What is sustainable beauty? What is green beauty? There is no formal definition. Unlike “green”, which is vague, “sustainable” is easier to specify. The most cited definition for sustainability comes from the UN’s Our Common Future report: “[Sustainability] meets the needs of the present without compromising the ability of future generations to meet their own needs.” Sustainable beauty means using makeup, skincare, and personal care with the future in mind. Experts often list “three pillars” of sustainability: economic, social, and environmental. I focus on environmental sustainability. But true environmental sustainability cannot exist without social and economic sustainability as well.
So, what is considered environmentally sustainable beauty? Its complicated and involves many factors. To keep it simple, Beauty and the Planet considers 4 things when rating a product’s sustainability: the company’s carbon footprint, packaging, ingredient sourcing and ecotoxicology, and ethics. I summarize each of these below. Be on the watch for articles about each of these topics.
A product’s carbon footprint is the amount of greenhouses gases released during production and transportation. Energy use possibly produces the most greenhouse gases. A company can reduce their carbon footprint by choosing renewable energy sources. When preparing my review of ILIA Beauty Limitless Lash Mascara, ILIA Beauty told me “Many of our manufacturers are either working towards or using renewable energy.” Some companies choose to offset their carbon footprint by contributing financially to projects that reduce carbon emissions. Love Beauty and Planet donates $40 per carbon ton to carbon reducing programs. Krave Beauty offers customers the chance to offset shipping.
How the packaging was produced and what happens after you have used it also impact our planet. For example, plastic waste has already accumulated enough to drastically harm wildlife and the environment. Many brands claim sustainability by using recyclable packing. This just transfers responsibility to the consumer. Many people don’t have access to recycling programs. And some that do, chose not to recycle. We prefer brands, like Alpyn Beauty, who make their bottles and jars from 100% post-consumer recycled glass.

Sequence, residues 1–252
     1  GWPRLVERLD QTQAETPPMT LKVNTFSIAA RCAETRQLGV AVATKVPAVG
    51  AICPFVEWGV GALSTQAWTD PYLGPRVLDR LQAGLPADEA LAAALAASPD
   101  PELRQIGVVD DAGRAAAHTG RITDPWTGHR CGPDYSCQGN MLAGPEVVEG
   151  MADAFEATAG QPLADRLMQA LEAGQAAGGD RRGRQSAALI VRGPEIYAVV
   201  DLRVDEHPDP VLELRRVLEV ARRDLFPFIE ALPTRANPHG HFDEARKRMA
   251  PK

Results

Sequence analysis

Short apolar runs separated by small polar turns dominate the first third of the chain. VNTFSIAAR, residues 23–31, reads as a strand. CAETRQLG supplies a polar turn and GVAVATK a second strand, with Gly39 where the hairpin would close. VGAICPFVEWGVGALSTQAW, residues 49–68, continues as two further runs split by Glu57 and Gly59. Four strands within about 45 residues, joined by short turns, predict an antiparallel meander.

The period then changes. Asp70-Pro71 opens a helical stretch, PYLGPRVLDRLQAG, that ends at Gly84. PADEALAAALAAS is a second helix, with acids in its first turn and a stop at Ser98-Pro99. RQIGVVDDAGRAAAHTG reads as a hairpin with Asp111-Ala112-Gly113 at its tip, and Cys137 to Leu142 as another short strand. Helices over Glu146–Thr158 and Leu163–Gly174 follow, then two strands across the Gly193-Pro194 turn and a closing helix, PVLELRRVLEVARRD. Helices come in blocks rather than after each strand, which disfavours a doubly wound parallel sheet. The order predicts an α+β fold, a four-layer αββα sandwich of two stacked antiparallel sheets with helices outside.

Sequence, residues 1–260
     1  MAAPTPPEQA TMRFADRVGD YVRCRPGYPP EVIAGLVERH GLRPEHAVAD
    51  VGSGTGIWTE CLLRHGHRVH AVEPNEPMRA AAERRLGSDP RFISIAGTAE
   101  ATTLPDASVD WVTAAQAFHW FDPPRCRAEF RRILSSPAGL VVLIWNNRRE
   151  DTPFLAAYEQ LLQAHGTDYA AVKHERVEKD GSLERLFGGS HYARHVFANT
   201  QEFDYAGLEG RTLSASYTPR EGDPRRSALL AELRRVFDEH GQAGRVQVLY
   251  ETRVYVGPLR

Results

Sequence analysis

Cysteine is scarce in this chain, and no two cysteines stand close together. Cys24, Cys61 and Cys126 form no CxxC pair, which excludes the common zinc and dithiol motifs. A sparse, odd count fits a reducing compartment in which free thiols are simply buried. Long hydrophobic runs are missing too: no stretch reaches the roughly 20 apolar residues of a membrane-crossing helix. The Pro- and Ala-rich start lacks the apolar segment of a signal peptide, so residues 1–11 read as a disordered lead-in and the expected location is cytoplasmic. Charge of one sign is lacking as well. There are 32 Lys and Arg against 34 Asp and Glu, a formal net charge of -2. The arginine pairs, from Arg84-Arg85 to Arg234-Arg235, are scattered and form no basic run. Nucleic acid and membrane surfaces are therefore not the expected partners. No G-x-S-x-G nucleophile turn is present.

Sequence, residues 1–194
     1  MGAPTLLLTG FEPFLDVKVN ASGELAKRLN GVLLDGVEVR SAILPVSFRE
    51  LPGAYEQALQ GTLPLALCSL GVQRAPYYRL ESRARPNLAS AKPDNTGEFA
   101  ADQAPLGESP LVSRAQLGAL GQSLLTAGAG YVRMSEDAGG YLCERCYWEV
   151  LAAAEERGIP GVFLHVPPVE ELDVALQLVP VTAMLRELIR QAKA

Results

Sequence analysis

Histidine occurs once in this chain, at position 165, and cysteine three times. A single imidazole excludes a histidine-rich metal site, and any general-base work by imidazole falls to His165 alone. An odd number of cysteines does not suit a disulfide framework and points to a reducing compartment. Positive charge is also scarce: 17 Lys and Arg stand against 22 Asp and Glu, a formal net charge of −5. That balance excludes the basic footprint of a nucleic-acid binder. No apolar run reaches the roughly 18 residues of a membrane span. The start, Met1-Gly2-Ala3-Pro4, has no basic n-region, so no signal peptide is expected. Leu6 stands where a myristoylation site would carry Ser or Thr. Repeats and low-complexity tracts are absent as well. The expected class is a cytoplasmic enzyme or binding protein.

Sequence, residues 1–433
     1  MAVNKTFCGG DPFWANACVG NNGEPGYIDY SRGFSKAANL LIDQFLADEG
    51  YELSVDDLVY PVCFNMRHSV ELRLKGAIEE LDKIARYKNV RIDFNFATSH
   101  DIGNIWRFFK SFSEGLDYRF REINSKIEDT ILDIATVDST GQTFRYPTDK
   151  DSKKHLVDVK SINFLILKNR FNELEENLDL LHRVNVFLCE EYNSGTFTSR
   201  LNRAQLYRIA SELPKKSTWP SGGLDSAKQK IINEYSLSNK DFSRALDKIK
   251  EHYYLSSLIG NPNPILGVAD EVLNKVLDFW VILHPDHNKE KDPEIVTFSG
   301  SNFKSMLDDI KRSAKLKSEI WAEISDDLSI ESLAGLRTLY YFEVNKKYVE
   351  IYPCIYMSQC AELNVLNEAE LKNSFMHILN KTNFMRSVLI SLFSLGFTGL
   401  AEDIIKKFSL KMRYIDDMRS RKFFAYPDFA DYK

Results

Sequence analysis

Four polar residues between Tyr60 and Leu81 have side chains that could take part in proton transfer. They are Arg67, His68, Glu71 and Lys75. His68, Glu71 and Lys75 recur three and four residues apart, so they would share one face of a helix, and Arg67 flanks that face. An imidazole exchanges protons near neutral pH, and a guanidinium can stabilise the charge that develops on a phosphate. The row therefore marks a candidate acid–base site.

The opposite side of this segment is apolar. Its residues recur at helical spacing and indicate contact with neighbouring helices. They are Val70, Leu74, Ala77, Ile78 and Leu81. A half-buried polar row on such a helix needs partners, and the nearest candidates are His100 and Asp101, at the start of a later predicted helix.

Ethique takes sustainable packaging even further. As I mentioned in my review of Ethique’s Botanica deodorant bar, their packaging isn’t just plastic-free. It’s compostable. You can compost it in your own backyard!
Ingredient Sourcing and Ecotoxicology
We need to consider where ingredients come from and where they go when they wash off. Did you know that 2 common sunscreen ingredients (oxybenzone and benzophenone-2) are toxic to coral reefs and other marine life? Instead, look for non-nano mineral sunscreen. Non-nano (larger than 100 nanometers) is important because nano particles (less than 100 nanometers) can interfere with marine life development. Non-nano mineral sunscreens are usually labeled as “reef-safe.” The Detox Market only carries these types of sunscreens.
Ingredient sourcing can also harm the environment. The harvesting of palm oil has had devastating effects on the people and rain forests of Asia. Some brands, like Axiology, don’t use palm oil at all. Others, like L’Oréal, are members of the Roundtable on Sustainable Palm Oil, which promotes the sustainable production of palm oil.
Beauty and the Planet believes beauty should be cruelty free and fairly produced. Cruelty free means neither the brand nor a third party tested the product or its ingredients on animals. Everything sold at the Detox Market is cruelty free.
Ethics also involves how a brand treats people. For example, mica is a common skincare ingredient. It’s what gives many shimmery products their shimmer. In skincare, it can have a blurring effect. However, much of mica is mined by children in hazardous conditions. In 2015, Terre des Hommes estimated that mica mines employed 22,000 children in just the Indian states of Jharkhand and Bihar. These children risk exposure to dangerous gases, mine collapses, and lung disease and they make less than minimum wage. Unfortunately, brands are not always able to ensure their mica is coming from ethical and responsible mines. When they cannot confirm the source of natural mica, Āether Beauty uses synthetic mica.
A Final Word about Sustainable Beauty
Nobody is perfect. No brand is perfect. You will never have a beauty routine that has absolutely no impact on the planet. Some people might try to shame you for not being as sustainable as they are. Ignore them. Unless the live by just their own hands and stone tools, they are not living 100% sustainably. Do your best and forgive yourself for occasionally slipping up. By just making a few small changes at a time, you can still have a positive impact.
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